Environmental factors such as feelings of being lost or overstimulation can also evoke anger in a person who is affected by the illness.

Identifying the CAUSE of the behavior helps you to rectify it fast to ensure that the person with dementia is as comfortable as possible.

For instance, if the individual is hungry or thirsty giving them a drink and food can help correct the problem.

Become a “Yes” Person

how do you calm down an angry person with dementia
When a caregiver finds themselves in a situation dealing with an angry person with dementia, it can help to say “yes” as much as possible.

If the affected person mentions that they have been seeing people who passed away, do not start arguing telling them that it is IMPOSSIBLE.

Instead, you can calmly point out that it would be great to see them again.

You can even build on this and ask questions like what they would talk about. This is bound to develop a sense of COMFORT and CONNECTION with one another.

It is because “yes” is considered an affirming and powerful word. It also lets the affected person know that their carer is listening.

Seek Expert Help

seek expert help
If a caregiver is not in a position to calm down an angry person with dementia, it may be helpful to seek professional help.

This can help out especially if the affected person is in pain and they cannot communicate effectively.

This is also helpful if anger stems from medication side effects. Doctors can change the medication a person is taking in a bid to reduce their SUFFERING.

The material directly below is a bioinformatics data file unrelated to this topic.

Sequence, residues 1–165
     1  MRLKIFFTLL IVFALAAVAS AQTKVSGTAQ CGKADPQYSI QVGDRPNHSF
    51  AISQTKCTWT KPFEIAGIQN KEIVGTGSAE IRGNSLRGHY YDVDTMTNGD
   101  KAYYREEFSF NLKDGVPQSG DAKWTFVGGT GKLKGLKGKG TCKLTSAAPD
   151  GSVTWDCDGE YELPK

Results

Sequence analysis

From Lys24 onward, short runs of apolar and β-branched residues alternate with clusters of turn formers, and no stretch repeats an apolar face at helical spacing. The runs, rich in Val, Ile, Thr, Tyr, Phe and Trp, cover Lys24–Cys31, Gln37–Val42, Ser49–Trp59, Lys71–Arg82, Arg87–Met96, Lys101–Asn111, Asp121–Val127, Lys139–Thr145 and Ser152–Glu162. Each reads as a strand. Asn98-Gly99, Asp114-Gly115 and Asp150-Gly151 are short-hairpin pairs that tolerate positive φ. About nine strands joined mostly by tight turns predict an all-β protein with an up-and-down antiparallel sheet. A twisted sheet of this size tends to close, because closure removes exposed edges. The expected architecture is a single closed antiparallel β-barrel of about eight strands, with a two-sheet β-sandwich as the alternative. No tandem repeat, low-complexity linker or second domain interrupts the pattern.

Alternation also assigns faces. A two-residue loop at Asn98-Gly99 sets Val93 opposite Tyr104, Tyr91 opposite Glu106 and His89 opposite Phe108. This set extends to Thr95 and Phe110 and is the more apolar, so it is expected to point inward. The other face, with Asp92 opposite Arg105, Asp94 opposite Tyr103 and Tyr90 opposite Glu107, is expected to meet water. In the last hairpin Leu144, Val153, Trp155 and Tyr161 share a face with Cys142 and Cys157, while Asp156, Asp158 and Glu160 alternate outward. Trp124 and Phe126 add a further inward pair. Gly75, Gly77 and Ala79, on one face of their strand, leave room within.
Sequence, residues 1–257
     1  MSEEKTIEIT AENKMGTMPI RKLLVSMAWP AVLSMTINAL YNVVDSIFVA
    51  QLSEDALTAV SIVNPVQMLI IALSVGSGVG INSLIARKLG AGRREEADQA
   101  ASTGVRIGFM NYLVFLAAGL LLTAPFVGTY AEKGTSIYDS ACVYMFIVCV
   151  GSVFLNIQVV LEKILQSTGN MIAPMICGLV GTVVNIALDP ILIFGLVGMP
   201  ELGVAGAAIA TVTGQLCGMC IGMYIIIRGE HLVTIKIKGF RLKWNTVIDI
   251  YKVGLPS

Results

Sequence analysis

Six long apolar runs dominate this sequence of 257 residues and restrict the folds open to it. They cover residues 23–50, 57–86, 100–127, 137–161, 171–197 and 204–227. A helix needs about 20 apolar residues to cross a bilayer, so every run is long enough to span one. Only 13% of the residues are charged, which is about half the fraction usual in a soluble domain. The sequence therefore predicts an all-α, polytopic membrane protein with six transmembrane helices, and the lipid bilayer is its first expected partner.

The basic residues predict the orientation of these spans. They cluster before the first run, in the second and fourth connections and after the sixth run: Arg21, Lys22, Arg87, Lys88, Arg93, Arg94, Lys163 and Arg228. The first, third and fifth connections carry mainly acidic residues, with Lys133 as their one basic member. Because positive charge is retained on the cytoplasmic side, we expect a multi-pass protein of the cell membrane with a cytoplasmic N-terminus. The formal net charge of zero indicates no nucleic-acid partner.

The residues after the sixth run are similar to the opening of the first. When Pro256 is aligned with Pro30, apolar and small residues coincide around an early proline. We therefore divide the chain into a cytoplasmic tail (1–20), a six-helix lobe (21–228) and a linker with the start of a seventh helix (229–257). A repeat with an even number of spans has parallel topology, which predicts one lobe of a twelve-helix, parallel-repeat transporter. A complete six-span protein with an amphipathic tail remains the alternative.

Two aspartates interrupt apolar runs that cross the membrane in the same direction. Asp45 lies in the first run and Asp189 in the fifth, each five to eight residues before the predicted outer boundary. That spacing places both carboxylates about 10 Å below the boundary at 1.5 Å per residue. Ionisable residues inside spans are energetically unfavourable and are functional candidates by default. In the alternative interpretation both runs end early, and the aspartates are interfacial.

If it is not possible to take the individual to the hospital, there may be no other option than to call 911.

When you make the call DO NOT FORGET to tell the responder that the person acting aggressively has dementia.

Do Not Get Upset

When dealing with anger, caregivers should focus on feelings and not facts.

Consider the EMOTIONS of the affected persons by identifying feelings behind actions or words.

This should be done in a reassuring and positive manner.

Always speak to the person in a soft tone and take care not to get upset as well.

Remember to remain RESPECTFUL and EMPATHETIC at all times.

Shift Focus

shift focus
Where possible, try and slowly introduce relaxing activities that will DISTRACT the person from their angry feelings.

It can be anything from a massage, music, or exercise that can help soothe the individual.

This will offer a welcome distraction that can help calm down the affected individual.

Take a Breather

There are times when it may not be possible to immediately calm down an angry person with dementia.

At this point, the only choice available may be to walk away for some time.

Just make sure that the person who has dementia is safe.

Giving the person some space and time can help manage feelings of anger especially if they feel like their personal space has been invaded.